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Speech: Inquiry recommends changes to NAPLAN to put kids at the centre

Speeches in Parliament
Penny Wright 27 Mar 2014

Senator WRIGHT (South Australia) (12:38):  Thank you, Mr Acting Deputy President. I am very pleased to take note of the report of the Senate Education and Employment References Committee's inquiry into the effectiveness of the NAPLAN program. I moved to establish this inquiry because of the growing parental concern I was hearing about the impact of NAPLAN testing and the My School website on students. After six years of the NAPLAN scheme, I thought it was time to re-evaluate what was happening in schools and check that the tests were still putting student needs first.


What we uncovered was that it was not only having adverse consequences for some students-including things like anxiety and stress-but actually affecting teaching and learning practices as a whole. We heard evidence that teachers were spending more and more time teaching to the test, and that the publication of the results on the My School site had created a very competitive environment.

Teachers, parents, schools, academics and education groups generally all came forward to have their say during this inquiry, and they said with a near unanimous voice: 'NAPLAN testing has drifted away from its original purposes and it is time for change.' It is time to make sure that NAPLAN works for students, not the other way around. It has become a high-stakes test, but it should not be that way, and it does not have to be that way.

Although there was a lot of confusion in the evidence before the inquiry about the purposes of NAPLAN in the first place, one thing is very clear: NAPLAN was not designed to evaluate school success, so it should not be used to rank and compare schools. This competitive environment has also seen a commercial spin-off, so we have had everything from NAPLAN training books and teddy bears to specialised after-school tutoring sessions.

The evidence presented to the committee was clear: the data that comes out of the NAPLAN test should be used to help parents and teachers track how a student is going and to help them. But we have actually created a competitive spirit where schools are increasingly holding dedicated time teaching to the test, drawing time and resources away from other important curriculum areas. One survey found that 66 per cent of teachers believed the test damaged student wellbeing. And teachers are asking not to teach the NAPLAN year levels because of the extra burden and parental expectations. Schools should not feel like NAPLAN is a be all and end all test. It is simply a snapshot of how a student is tracking on a few areas of literacy and numeracy.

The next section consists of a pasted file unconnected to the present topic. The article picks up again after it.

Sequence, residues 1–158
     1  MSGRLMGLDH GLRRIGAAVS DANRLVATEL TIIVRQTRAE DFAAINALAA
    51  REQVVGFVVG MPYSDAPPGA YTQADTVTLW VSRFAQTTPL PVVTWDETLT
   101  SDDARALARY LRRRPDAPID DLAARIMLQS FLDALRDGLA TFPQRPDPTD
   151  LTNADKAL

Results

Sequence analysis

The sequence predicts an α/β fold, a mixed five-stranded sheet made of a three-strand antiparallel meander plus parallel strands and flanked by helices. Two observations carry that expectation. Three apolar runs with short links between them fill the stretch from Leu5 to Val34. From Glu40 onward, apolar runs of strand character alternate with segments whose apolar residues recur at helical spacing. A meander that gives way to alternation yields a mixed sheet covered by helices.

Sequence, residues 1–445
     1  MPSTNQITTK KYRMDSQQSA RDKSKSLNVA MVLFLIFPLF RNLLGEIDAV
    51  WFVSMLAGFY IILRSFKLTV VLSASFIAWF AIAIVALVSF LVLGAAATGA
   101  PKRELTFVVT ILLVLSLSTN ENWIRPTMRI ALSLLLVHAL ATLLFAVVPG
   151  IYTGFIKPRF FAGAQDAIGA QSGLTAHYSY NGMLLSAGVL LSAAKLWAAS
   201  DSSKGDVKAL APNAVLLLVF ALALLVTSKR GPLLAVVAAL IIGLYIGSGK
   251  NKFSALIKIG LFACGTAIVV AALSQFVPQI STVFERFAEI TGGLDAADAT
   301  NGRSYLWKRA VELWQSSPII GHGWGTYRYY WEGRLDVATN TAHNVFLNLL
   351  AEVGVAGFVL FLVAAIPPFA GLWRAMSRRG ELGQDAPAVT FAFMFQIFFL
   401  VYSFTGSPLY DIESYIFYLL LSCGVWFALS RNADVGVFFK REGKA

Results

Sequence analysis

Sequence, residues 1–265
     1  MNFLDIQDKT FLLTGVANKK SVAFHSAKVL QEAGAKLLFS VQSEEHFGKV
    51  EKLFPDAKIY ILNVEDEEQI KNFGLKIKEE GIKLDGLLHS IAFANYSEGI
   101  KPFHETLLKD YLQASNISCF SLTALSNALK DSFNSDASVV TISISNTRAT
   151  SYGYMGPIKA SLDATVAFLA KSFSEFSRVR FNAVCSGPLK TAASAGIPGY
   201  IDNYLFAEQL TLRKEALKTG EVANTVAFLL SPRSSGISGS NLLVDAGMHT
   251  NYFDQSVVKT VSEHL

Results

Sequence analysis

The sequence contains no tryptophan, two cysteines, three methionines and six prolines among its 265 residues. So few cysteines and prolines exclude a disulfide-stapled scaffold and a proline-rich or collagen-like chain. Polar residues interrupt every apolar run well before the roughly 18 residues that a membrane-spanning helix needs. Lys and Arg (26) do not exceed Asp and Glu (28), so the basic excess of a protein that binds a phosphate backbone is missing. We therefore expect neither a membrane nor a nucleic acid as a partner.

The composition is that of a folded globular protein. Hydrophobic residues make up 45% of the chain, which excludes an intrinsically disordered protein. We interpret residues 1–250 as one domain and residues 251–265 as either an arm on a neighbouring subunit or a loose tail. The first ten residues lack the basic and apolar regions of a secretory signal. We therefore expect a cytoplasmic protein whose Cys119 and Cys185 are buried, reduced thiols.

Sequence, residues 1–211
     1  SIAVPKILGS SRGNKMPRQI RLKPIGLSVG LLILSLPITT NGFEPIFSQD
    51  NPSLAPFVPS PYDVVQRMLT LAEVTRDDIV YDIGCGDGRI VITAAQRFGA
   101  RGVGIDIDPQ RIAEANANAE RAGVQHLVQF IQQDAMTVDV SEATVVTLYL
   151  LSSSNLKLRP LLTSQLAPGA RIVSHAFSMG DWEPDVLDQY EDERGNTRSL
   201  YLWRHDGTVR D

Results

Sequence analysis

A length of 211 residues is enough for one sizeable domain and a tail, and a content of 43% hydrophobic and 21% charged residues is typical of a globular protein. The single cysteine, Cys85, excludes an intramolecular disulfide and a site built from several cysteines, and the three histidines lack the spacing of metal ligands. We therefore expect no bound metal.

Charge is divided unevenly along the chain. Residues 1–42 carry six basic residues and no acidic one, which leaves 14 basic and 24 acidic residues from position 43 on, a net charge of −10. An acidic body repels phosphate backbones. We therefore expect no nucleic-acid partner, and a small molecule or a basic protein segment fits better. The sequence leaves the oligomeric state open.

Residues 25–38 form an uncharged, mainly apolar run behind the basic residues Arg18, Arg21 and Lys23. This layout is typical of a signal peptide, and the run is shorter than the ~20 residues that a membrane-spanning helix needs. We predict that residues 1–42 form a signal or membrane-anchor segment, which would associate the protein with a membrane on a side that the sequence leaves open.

So, to combat this, the committee is recommending that the government do more to monitor the use of NAPLAN data to make sure it is helping kids, not creating a competitive environment with league tables. We are recommending that more is done to help students with a disability and from language backgrounds other than English to demonstrate their understanding. We are also recommending that the NAPLAN results get back to parents and schools much faster; at the moment there is a three-month turnaround, which drastically impairs NAPLAN's effectiveness as a diagnostic tool.

However, on the strength of the evidence presented to the committee, the Australian Greens do not believe that the committee's recommendations go far enough. If you read the report you will see that the committee's views are framed much more strongly than the recommendations that were able to be agreed to unanimously.

So, first, I note that it was the position of the coalition before the election that individual school-level data should not be published on the My School site, and the education minister has made similar statements since coming to government. On the evidence presented to the committee about the profound changes to teaching and learning as a result of the My School site, the Australian Greens would be very willing to work with the federal government to work out the best way to do this.

There is so much more I could say, but I am going to run out of time. I do want to thank the many, many parents, teachers and principals, academics and education groups who made submissions, and to thank the committee for their excellent work. The Australian Greens have tabled additional comments, which we think strengthen for the better the recommendations of the general committee report.

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